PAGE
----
Books talk to you, just like people do. Alright, you don’t see them waving their hands and pulling faces while they’re talking (books are more like telephone conversations, in that way), and they don’t allow you to talk back (or they don’t listen if you do), but although books are the least like our sensory experience of the world (mostly pictures and sounds), they are, I think, the most like our experience of people.

Some books (like some people) talk at you, and expect you to believe what they say because it’s they who say it. Such books are written by Authors, and their Authorship comes from them regarding themselves as Authorities — and that’s a little too close to regarding themselves as what Philip Pullman called The Authority in His Dark Materials, i.e., God. (Books written by Adults for children all too easily fall into this trap. Don’t they, my dearie wittle ones?)

The best books, though, are written by human beings, not Authors. They talk to you as an equal, as another human being, and don’t try to be clever or sophisticated or loud, or to put on airs:

My name is Mary Katherine Blackwood. I am eighteen years old, and I live with my sister Constance. I have often thought that with any luck at all I could have been born a werewolf, because the two middle fingers on both my hands are the same length, but I have had to be content with what I had.

We Have Always Lived in the Castle, Shirley Jackson.

Idle reader: without my swearing to it, you can believe that I would like this book, the child of my understanding, to be the most beautiful, the most brilliant, and the most discreet that anyone could imagine. But I have not been able to contravene the natural order; in it, like begets like.

Don Quixote, Cervantes, translated by Edith Grossman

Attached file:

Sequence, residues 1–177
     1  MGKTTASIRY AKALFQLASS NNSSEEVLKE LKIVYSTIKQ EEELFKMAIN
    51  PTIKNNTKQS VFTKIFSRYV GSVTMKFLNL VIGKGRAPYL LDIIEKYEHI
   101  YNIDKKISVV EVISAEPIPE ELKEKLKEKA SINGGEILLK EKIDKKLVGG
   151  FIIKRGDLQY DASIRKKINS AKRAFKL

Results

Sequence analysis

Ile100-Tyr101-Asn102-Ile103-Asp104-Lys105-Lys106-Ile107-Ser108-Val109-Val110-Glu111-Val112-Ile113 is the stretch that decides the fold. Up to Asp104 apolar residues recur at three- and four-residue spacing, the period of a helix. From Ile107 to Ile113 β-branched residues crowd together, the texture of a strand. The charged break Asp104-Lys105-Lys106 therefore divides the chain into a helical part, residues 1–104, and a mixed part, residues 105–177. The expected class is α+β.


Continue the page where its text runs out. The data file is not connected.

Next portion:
When the phone rang I was in the kitchen, boiling a potful of spaghetti and whistling along to an FM broadcast of the overture to Rossini’s The Thieving Magpie, which has to be the perfect music for cooking pasta.

The Wind-Up Bird Chronicle, Haruki Murakami

Ever since people started reading books silently (Saint Ambrose is recorded as the first to engage in this peculiar practice), when books speak, they do so inside your head. In this way, they can seem not so much to be speaking to you, as to be the result of your eavesdropping on someone else’s thoughts, their own interior monologue raised to the clarity of complete and artistically ordered sentences.

What goes on in other people’s heads is, of course, one of the great mysteries of life. We can be reasonably sure that if I see a red penguin and you see a red penguin then the sensory impression received by our eyes is roughly the same thing, but the thoughts that go through our separate heads (“A red penguin? Am I insane?!” and “Ah, the Red Penguin returns…”) can be as different as, well, two books on a shelf.

But it’s in books that we have the solution to this mystery. Books allow the most intimate contact with the inside of another person’s head, because the writer doesn’t have to talk to us like a friend, they can go one better, and talk to us as they would to themselves, either about themselves, or (if they’re pure narrator) about the story, situation or picture they see:

The Piano Teacher, Erika Kohut, bursts like a whirlwind into the apartment she shares with her mother. Mama likes calling Erika her little whirlwind, for the child can be an absolute speed demon. She is trying to escape her mother. Erika is in her late thirties. Her mother is old enough to be her grandmother.

The Piano Teacher, Elfriede Jelinek, translated by Joachim Neugroschel

Gormenghast, that is, the main massing of the original stone, taken by itself would have displayed a certain ponderous architectural quality were it possible to have ignored the circumfusion of those mean dwellings that swarmed like an epidemic around its outer walls.

Titus Groan, Mervyn Peake

A-hind of hill, ways off to sun-set-down, is sky come like as fire, and walk I up in way of this, all hard of breath, where is grass colding on I’s feet and wetting they.

Voice of the Fire, Alan Moore.